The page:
Sunday, 7 September 2014

Oracle RDBMS empty string and null

The Oracle database (RDBMS) has a "wonderful quirk" - it treats null and empty string as one and the same.

Oracle database empty string

If you have never used Oracle RDMBS you may not be aware of this particular "feature". Basically, if you insert an empty string into the database it is treated as null. Thus, a column declared as "NOT NULL" will reject the insertion of an empty string. For me, and probably most other developers, this isn't what you expect.

The Stack Overflow explanation is "I believe the answer is that Oracle is very, very old." As well as being amusing, it is as good an explanation as any other.

Last week, I had the dubious pleasure of porting the OpenGamma database infrastructure to work on Oracle. It already worked on various other databases (including HSQLDB, Postgres and SQL Server) but Oracle is rather an outlier in the world of SQL.

Most of the conversion went fine with ElSql able to handle any deviations from standard SQL. But the problem of empty strings and null was a little more vexing.

The first question was whether we could avoid needing to identify the difference between null and an empty string? I believe that if Oracle is your primary database, then you could code your application in that way. However, if you are coding the application to work on multiple different databases then this is simply not an option.

The second question was of course how to handle the problem? My research threw up three realistic possibilities:

  1. Prefix all strings by the same character, such as '@'. The string 'Stephen' would be stored in the database as '@Stephen', while the empty string would be stored as '@'.
  2. Replace the empty string with a magic value, such as '!!! EMPTY !!!'.
  3. Store an additional flag column indicating the difference between null and the empty string.

Option 1 means that every string in the database is polluted, making it hard to use the data directly by SQL (bypassing the application). Option 2 relies on the magic value never occurring in real data, and direct SQL access is again compromised (though less than option 1). Option 3 is the most "pure" solution, but would have been very hard to adopt when writing one piece of code for multiple different databases.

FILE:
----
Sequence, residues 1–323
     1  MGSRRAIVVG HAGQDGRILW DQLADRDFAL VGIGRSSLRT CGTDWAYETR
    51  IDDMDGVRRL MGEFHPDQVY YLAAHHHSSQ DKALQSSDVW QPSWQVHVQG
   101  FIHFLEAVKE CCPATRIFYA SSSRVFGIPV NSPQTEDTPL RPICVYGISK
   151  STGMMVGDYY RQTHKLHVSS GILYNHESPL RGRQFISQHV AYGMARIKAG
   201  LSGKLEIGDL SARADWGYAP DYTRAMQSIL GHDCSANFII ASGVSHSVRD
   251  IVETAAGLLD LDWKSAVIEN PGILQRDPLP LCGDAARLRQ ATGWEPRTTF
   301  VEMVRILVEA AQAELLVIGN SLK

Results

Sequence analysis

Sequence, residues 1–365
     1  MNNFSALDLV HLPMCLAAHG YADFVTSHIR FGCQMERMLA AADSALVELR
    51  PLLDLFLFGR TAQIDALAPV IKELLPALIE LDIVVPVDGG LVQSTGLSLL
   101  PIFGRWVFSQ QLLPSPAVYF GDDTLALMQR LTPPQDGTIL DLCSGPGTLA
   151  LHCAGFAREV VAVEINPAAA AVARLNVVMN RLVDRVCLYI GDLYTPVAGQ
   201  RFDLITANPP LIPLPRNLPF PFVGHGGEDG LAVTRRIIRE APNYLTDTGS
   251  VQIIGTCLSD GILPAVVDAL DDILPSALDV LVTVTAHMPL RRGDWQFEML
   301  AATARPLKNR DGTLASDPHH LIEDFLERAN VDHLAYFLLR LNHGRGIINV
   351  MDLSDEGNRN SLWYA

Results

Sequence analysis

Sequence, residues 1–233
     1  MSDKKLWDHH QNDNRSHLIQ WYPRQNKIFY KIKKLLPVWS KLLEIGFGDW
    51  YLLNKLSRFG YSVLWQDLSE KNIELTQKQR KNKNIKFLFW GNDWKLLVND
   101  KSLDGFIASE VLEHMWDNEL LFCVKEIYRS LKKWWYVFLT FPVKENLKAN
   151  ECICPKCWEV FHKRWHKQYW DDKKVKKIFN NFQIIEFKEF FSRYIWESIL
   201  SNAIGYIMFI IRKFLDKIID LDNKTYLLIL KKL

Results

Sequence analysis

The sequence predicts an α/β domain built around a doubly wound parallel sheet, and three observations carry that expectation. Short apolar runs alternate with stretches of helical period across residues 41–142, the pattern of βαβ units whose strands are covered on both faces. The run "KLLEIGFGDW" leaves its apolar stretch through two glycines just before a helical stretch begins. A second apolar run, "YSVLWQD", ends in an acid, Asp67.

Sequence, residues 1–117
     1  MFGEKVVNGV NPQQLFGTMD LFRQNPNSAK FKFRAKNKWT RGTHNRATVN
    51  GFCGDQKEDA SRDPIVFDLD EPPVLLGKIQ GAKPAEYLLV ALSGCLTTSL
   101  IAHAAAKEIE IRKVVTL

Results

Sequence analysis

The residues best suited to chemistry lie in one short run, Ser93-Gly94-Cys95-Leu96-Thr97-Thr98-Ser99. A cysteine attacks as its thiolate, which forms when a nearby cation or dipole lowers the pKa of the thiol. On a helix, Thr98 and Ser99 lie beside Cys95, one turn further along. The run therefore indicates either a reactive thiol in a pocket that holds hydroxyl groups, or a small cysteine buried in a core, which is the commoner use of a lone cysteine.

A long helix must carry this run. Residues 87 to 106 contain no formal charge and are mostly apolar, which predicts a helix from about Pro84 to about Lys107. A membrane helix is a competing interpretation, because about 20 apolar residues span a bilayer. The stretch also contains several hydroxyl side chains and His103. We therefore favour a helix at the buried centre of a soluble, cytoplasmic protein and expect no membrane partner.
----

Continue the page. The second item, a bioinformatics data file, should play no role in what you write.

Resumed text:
My chosen solution was a variation on option 2 - encoding using "one extra space". I'm documenting it here in case anyone else finds it to be a useful strategy:

  • The empty string is stored in the database as a single space (ASCII 32).
  • Any string that consists only of spaces (ASCII 32) is stored with one additional space added.
  • Any other string is stored without change

The advantage of this encoding is that the vast majority of strings are stored without being changed. This makes access by direct SQL simple and obvious. The only strings to be encoded are the empty string, and the unlikely "all space" strings. The encoding will make little difference to most algorithms or displays even if it is not decoded. The encoding is also fully reversible, provided that column length limits are not hit.

Fortunately, I was able to encode and decode the data in relatively few places. For decoding, a decorated ResultSet worked effectively. For encoding, it was possible to create a subclass of Spring's NamedParameterJdbcTemplate and JdbcTemplate to do the trick. See this commit for details.

As a final note, there are other complications with data storage in Oracle. As I understand it, NaN and null also cannot be separated. This blog only covers problems of strings, which is tricky enough!


I will continue to believe that an empty string and null are two different concepts. Oracle RDBMS disagrees. If you face the problem of creating a workaround, perhaps the option I used is worth considering.

1 comment:

  1. Yep, that's one of the more "awesome" feature sof Oracle database.

    The big caveat is not the fact that the two things are the same, which can be justified depending on philosophy, the big caveat is that you must be careful not to have empty strings in situations where SQL's three valued logic will bite you (and wouldn't bite you in other databases). One such example is that the following always yields UNKNOWN:

    'X' NOT IN ('A', 'B', '')

    More info here